Thumbsucking: When and How to Get Your Child to Stop - Hospitality Health ER

Thumbsucking: When and How to Get Your Child to Stop

thumbsucking

Now that you’re home with the kids 24-7, you have more time to work with them on developing good habits and eliminating others, like thumbsucking. Thumbsucking is a natural instinct that infants use to soothe themselves. Pediatricians claim it is one of the most common habits that kids pick up. But thumbsucking can easily become a hard habit to break. When and how should you stop it? Let’s take a look at what our doctors recommend.

thumbsucking

How Long Should I Allow My Child to Suck His Thumb?

Allowing your child to suck their thumb is generally not an issue until they become older. However, one concern as they begin to crawl and move around is hygiene. Children are already more susceptible to getting sick because of their underdeveloped immune systems. And one of the worst things they can do is put their germy hands in their mouth.

But the biggest concern about thumb sucking is it can affect the way a child’s mouth develops. It can impact their teeth and their bite, which can lead to speech challenges, aesthetic issues, and problems chewing. In order to prevent these issues, doctors recommend getting your child to stop sucking their thumb by preschool age. We also recommend taking your child for dental checkups starting at the age of one.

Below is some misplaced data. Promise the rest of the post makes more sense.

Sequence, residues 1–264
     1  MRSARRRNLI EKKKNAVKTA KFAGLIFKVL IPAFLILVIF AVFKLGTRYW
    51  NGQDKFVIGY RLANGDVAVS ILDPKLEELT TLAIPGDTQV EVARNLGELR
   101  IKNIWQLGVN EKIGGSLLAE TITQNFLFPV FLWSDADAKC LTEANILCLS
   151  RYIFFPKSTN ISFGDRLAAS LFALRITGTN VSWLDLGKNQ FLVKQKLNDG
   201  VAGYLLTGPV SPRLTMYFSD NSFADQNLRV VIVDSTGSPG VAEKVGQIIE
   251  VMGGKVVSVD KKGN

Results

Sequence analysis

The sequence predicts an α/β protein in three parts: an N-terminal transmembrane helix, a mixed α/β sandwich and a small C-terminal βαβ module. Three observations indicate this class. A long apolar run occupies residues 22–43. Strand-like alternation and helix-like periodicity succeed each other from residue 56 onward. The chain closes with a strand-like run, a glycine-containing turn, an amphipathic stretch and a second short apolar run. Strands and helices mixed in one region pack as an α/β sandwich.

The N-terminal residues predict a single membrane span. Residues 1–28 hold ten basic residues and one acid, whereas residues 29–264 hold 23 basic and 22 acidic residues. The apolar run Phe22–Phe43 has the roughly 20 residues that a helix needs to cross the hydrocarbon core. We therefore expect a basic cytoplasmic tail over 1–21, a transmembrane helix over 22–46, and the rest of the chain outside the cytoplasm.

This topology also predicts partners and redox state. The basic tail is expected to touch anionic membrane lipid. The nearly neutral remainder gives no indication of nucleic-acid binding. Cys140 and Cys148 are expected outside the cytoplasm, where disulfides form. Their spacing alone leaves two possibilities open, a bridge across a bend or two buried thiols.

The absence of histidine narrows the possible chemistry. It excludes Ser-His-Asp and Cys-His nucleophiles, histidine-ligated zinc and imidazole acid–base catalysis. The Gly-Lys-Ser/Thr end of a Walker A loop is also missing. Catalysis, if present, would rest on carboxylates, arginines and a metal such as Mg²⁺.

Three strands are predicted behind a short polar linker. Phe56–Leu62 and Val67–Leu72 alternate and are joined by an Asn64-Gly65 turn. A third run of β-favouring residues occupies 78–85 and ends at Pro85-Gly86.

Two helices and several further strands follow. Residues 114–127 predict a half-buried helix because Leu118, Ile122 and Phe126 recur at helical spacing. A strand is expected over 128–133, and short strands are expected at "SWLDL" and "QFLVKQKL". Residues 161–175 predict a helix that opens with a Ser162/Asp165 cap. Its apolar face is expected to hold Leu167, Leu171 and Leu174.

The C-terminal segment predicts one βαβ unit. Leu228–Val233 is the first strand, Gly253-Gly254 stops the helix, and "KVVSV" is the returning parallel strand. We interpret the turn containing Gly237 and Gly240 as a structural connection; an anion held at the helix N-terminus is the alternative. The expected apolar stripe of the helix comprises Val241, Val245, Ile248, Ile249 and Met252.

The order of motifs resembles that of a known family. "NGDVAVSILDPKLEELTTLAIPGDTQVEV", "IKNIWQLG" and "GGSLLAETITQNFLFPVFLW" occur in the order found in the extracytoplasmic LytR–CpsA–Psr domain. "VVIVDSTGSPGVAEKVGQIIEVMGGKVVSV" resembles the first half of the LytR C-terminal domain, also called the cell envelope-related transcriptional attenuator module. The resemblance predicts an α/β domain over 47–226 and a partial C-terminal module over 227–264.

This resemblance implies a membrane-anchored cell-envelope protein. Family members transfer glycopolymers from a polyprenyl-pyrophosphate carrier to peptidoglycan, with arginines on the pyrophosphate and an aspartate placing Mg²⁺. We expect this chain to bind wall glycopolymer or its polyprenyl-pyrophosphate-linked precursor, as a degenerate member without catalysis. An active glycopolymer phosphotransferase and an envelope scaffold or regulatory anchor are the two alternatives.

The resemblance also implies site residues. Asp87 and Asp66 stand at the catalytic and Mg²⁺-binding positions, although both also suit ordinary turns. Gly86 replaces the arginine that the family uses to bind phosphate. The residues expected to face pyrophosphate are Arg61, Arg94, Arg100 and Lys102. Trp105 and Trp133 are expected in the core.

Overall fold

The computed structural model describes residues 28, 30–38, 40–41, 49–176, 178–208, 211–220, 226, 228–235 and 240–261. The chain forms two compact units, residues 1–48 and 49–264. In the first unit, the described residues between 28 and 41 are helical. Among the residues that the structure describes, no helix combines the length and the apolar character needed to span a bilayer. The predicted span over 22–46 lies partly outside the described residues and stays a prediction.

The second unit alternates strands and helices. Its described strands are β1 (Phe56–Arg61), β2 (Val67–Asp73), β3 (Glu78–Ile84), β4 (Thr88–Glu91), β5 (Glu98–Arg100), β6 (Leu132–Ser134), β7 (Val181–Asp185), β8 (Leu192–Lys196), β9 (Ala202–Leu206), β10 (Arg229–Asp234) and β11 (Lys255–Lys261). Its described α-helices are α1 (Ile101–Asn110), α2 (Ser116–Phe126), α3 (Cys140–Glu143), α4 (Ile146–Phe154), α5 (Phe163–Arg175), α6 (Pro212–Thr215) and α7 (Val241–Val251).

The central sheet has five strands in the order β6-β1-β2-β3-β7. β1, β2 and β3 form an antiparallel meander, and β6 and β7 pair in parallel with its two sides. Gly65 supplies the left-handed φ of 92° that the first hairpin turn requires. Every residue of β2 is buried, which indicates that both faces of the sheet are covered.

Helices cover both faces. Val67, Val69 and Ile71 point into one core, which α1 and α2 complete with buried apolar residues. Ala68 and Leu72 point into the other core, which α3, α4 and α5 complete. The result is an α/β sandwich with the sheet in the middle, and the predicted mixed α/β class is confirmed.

How Do I Get My Child to Stop Thumbsucking?

Many parents who try to stop their child from sucking their thumb early on find that it is a battle they can’t win. In fact, pediatricians recognize that there’s not much you can do until the age of four, when your child understands more.  At this age, you can explain why it’s important to stop sucking their thumb. What can you do to help stop the habit?

1. Create a plan around how you will help your child break the habit. Get teachers and everyone in the family involved with the plan, so that the message and techniques are consistent.

2. Keep your child active to distract them from wanting to suck their thumb.

3. Give your child something to hold, like a toy or doll, to keep their hands busy.

4. Use positive reinforcement when your child does well. Praise them with words like, “I’m so proud of you for keeping your thumb out of your mouth all day.”

Is your child a nail biter? If so, stay tuned for some tips on how to get them to stop by liking our Facebook page or visiting our blog in the upcoming weeks.

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